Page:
Encouragement gift for a friend who has made a commitment to get back to the gym. Always easier when you have a dedicated gym makeup bag.
And since I had the sewing machine out, (woo! she’s back from the shop!) a couple other toiletry bags stuffed with goodies for friends.
Calculated Acts of Kindness continues. See more ideas here.
- Posted in
- CAOK, Happy Hippie
When I am just happy to be in the sunshine,
and days when I am shy and annoyed and would rather just be by myself.
Because, let’s be honest: I am always going to be the tortoise. I’m slow and methodical and …
no matter how much salad I eat, I am never going to run an 8 minute mile, or…
be graceful like a ballerina. I’m 5’10 and thankful to not be build like a tank.
I’d much rather pretty much always be enjoying a snack,
taking a nap,
hanging with my family, or
even getting my hair done.
An afternoon at the Phoenix Zoo with my camera reassures me, I’m not alone.
Happy weekend, friends — furry and otherwise.
- Posted in
- Arizona, Happy Hippie
There is this Celtic belief concerning the “thin place,” where the earth is so close to heaven, the two blend. For each person, this place is different. It may vary with time, or location. The idea is, if you are open to prayer and the Holy Spirit, you may find yourself one day feeling so close to God, the space between you and heaven blurs.
My mind and heart have been heavy, carrying the burdens of many I love. There are my own worries too. The last year has been a constant calendar of big life changes.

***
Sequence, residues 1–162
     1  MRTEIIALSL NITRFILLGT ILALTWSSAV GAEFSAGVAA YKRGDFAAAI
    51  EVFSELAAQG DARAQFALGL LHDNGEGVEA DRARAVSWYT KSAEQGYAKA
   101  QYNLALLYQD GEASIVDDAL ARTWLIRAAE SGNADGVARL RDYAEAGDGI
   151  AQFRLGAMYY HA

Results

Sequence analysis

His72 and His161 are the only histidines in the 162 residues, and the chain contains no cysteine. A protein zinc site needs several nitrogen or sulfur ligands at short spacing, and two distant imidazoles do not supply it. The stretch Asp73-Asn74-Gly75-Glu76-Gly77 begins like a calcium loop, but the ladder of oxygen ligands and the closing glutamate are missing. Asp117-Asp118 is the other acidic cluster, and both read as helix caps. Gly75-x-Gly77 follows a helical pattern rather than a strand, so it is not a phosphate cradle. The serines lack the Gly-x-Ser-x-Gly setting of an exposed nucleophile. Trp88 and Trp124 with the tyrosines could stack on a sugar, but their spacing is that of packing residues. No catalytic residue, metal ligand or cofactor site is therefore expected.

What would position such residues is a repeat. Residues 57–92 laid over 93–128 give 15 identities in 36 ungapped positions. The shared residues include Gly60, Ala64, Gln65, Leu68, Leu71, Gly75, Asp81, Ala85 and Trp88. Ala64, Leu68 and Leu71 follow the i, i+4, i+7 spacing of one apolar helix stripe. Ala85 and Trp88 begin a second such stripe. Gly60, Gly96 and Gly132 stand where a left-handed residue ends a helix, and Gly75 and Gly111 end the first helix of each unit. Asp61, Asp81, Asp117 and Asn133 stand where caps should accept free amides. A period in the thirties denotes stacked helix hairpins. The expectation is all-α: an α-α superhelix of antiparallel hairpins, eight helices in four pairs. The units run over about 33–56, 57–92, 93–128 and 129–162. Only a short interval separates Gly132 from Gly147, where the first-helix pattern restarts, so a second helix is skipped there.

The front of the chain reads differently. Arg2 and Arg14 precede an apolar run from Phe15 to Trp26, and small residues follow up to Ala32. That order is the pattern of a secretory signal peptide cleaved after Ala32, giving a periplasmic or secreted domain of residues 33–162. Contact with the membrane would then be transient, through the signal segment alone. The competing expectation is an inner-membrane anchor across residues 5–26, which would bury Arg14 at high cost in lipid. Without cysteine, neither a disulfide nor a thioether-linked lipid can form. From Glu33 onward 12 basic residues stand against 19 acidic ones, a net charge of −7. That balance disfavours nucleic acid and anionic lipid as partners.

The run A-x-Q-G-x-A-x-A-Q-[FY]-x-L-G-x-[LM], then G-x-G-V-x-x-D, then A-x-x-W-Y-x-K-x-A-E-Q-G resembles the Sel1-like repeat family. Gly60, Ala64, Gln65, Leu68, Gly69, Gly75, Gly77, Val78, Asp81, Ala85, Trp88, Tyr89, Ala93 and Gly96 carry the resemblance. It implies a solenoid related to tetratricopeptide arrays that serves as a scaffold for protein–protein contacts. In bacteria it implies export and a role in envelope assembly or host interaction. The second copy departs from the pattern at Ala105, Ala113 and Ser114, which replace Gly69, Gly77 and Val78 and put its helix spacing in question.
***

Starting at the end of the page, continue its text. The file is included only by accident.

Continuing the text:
I was praying last week, writing in a journal, before returning home to take Nelson on a walk around the local lake. During the walk, I listened to one of my favorite podcasts, “The Moth.” The storyteller this time was Krista Tippett, someone I’ve long admired — having listened to her faith podcast “On Being” for years. She talked about her relationship with her grandfather, visiting Scotland, and hearing about the thin place. Several of her fellow travelers had visited a local “stone reader” in Scotland who somehow knew things about their lives. They urged her reluctantly into going. And when she did, the stone reading woman told her that her beloved and misunderstood grandfather was there with them. He wanted her to know how proud he was of her. And he, a teetotaler in this life, was raising a glass of champagne to her in the next.
I fell to my knees in the emerald green spring grass lining the lake’s edge and breathed deeply. Proud. I had just prayed that morning, in a moment of sorrow, that I hoped my grandmother was proud. (Sometimes prayers take the tone of a babbling child. So it goes, when you are completely, wildly vulnerable.)